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Edinburgh Castle wall planned to protect visitors

Historic Scotland's Barbara Cummins and David Storrar at the Johnston Terrace troublespot by the castle. Picture: Jane Barlow

Historic Scotland's Barbara Cummins and David Storrar at the Johnston Terrace troublespot by the castle. Picture: Jane Barlow

  • by DAVID O’LEARY
 

FOR centuries Edinburgh Castle’s imposing walls have stood to offer protection to its inhabitants from any outside threat. Now the landmark’s latest £1 million addition is to turn this premise completely on its head, with a new three-metre high wall being built to protect passers-by and tourists from falling rocks.

The 170 metre-long wall along Johnston Terrace is designed to guard against loose rocks falling from the basalt cliff face.

Up to a quarter of the carriageway will be lost to allow the £2000 -a-metre structure to be created.

Computerised trajectory modelling has been used to determine a height of three metres as offering the public the greatest degree of protection.

The road will be closed from March 4 until March 28 to allow a temporary barrier to be installed and construction of the permanent wall is expected to take up to 18 months.

Historic Scotland, which is the body responsible for the Castle, plans to host consultations in the coming weeks with partner agencies and community bodies to gather feedback on the works and any subsequent design options.

It is understood that the possibility of murals or carved mosaics are being considered to brighten up the wall.

The “proactive” move comes after five instances of rock falls from the cliff face in as many years.

Historic Scotland director of heritage management, Barbara Cummins, who is leading the project, said: “While we have no immediate fears regarding the rock face, this is a project we have wanted to carry out for several years.

“The new wall will offer a buffer zone between any falling debris and passing members of the public.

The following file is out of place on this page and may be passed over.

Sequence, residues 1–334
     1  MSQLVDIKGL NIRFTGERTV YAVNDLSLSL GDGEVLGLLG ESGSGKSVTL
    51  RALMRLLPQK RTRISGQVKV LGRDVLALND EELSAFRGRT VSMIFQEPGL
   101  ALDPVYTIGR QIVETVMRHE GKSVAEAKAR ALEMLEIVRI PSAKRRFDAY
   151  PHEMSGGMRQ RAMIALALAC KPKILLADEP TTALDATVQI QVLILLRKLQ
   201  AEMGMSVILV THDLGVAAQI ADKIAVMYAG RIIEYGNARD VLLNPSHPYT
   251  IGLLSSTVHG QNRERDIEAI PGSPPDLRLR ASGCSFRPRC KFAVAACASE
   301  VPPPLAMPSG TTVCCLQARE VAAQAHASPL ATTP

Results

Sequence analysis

“The computerised modelling tested 1000 rock fall scenarios along six different points and it found that with the wall in place 90 plus per cent of debris will land within it.”

Barbara also denied that regular firework displays and flypasts for the Tattoo are to blame for undermining the Castle Rock – instead she said the Scottish weather and vegetation are at fault.

She added: “The constant freeze and thaw during the winter opens up cracks in the rock face which allows a plant, known as valerian to take root. Once this germinates its bulb expands, causing the rocks to fracture and fall.”

Once work begins to erect the temporary barrier on March 4, Historic Scotland will also begin spray treatment to eradicate valerian – a process which is to be repeated every two years.

While some metal netting has previously been installed over a limited area of the Princes Street face of the rock to provide protection for the railway line, this solution was not felt appropriate in this instance as it would have a detrimental impact on the Castle’s image.

Rubble and strife in past

THE Castle has suffered several instances of rock falls in recent years, the most recent happening during the Festival last year when a “shoebox”- sized chunk of rock damaged two vehicles parked along Johnston Terrace.

In September 2010 heavy rain dislodged a large boulder which narrowly missed motorists below.

Two years before, in September 2008, a 20-inch piece of rock fell and smashed on to the roof of a parked tourist bus at around 5am.

However, the most harrowing incident occurred in 2006, when a huge boulder fell and smashed into a taxi, causing thousands of pounds of damage.

Moments earlier the cab’s driver had watched as a tourist was hit on the head by a rock as she tried to flee the crumbling stones.

The driver said the falling debris had been “substantial pieces of rock” and added that it was “a miracle” that no- one had been seriously hurt in the incident, which was the second rockfall to be reported that year.

 

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